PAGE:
Butcher has very good vision and the ability to thread the needle on passes both to start the transition game and in setting up plays in the offensive zone. He also has a good shot, and understands how to get it through to the net and keep it low to create opportunities for tip-ins and rebounds for his teammates. He has good agility and walks the line well to open up passing and shooting lanes in the offensive zone. Butcher also shows poise with the puck and can stick handle away from a forechecker, or to create space in the offensive zone.
This is exactly what the Devils should look for in a defenseman from an offensive perspective. The Devils need defenders who are able to competently read and make passes. It appears that is a strength for Butcher. The Devils need defenders to keep their shots low. It appears Butcher can do so. Being able to handle the puck is also a plus as well as not freak out when the pressure comes. It appears Butcher can do so. These are all traits that should make the Devils be interested in the defender.

Kerr wrote that while size will be an issue of sorts, but Butcher has been effective in his own end with respect to where he needs to be and getting pucks out of the zone. The transition game has been a real challenge for New Jersey last season; a defender who can at least move pucks more quickly would be a big help. Additionally, Kerr found plenty to like about Butcher’s skating – which is another plus in favor.

For a different perspective, Hayden Soboleski has had a running series of notes about Butcher over the years at Dobber Prospects. Soboleski has pointed out that Butcher has been running Denver’s power play for multiple years. While it is not a guarantee he could do so at the NHL level, that is another role of need for New Jersey. I would think someone who has done it at a lower level is more likely to be able to do so at the NHL than someone who has not performed in that spot in the past.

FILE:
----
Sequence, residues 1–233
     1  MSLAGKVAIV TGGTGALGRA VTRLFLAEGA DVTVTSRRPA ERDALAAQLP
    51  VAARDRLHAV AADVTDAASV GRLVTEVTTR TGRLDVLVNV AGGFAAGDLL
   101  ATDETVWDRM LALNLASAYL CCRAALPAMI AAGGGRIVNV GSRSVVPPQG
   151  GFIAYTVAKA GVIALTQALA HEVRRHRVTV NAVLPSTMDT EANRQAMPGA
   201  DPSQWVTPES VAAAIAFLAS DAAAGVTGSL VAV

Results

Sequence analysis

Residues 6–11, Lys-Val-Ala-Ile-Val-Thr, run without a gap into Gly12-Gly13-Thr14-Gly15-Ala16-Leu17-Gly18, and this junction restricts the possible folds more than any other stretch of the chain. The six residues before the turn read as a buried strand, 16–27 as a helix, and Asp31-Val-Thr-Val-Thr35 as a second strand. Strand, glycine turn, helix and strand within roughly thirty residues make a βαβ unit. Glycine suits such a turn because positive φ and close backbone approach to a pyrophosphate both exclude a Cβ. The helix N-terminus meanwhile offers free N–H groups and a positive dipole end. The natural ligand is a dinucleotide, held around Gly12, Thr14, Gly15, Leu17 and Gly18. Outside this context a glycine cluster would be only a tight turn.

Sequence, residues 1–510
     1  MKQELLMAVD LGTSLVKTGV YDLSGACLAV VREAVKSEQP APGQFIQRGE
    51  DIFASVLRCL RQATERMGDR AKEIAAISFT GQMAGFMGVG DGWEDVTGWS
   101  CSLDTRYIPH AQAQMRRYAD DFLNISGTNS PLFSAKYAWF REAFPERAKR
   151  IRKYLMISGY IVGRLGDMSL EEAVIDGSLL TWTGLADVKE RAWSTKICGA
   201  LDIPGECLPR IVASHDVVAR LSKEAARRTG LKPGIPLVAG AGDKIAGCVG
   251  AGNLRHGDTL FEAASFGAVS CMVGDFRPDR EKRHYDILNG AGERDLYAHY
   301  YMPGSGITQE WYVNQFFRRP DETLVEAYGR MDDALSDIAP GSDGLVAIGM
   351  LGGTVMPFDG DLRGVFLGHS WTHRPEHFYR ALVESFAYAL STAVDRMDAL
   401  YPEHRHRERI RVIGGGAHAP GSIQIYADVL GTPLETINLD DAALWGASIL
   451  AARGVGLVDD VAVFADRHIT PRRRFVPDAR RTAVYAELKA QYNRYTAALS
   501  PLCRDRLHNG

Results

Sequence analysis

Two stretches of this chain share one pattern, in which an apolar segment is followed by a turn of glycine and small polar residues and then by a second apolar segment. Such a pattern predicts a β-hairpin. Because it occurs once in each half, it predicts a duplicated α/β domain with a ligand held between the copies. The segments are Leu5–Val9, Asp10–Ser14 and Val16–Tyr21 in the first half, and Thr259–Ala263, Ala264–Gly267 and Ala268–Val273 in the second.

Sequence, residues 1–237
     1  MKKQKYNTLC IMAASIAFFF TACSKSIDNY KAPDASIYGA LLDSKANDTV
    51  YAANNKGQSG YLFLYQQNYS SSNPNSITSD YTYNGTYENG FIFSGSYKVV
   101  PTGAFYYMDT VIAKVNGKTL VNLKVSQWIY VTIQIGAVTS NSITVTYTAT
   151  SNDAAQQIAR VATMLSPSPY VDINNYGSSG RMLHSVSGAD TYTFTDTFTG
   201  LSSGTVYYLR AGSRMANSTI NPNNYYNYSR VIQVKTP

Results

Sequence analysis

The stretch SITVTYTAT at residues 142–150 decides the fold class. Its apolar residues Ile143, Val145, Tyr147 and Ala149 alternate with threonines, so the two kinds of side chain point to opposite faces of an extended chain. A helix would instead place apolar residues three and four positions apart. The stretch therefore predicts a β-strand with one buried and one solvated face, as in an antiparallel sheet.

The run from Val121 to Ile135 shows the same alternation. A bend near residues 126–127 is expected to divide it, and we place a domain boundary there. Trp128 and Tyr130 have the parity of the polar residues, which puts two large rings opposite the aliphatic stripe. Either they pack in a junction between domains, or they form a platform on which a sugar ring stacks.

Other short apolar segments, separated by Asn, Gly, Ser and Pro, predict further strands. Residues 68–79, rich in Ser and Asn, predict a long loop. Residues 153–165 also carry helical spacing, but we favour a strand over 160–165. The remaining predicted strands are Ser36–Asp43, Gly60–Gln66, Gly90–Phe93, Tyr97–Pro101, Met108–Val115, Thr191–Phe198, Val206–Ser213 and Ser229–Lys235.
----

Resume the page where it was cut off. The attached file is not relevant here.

All together, Butcher appears to be the type of defenseman the Devils could really use to improve their blueline. How he will handle professional hockey is a real question. But the point is that he is someone who can step in right away and contribute, even in a smaller role to start. The Devils should absolutely be interested in signing him.

The Challenge in Pursuing Will Butcher
At this point, it’s clear that I want the Devils to go after Butcher because he will address several holes among the current defense. However, it will not be easy for two reasons.

First, Butcher can only sign an entry level contract. Since he is 22, the NHL CBA requires that his ELC is two-years long. Since it is also an entry level contract, it cannot be for more than $925,000 in salary. He can be offered bonuses; those are capped as well. Teams are limited with respect to what deals they can offer; the Devils cannot just out-bid everyone else.

This means that teams will have to convince Butcher and his people of other things they can offer that other teams cannot. This would be things like ice time, opportunity to play right away, the style of play, and the quality of the organization. The Devils could (and should) sell Butcher on the chance that he can play in New Jersey right from Day 1. That he will get every chance to be on a power play unit. That he can be a part of the “fast, attacking, and supportive” style Ray Shero wants to cultivate. The problem will arise if/when a team can offer all of that and be a playoff-ready or near-playoff-ready team. The Devils can sell opportunity and minutes, but they cannot claim success from recent years. If it comes down to that, then it will be a hard sell for Butcher.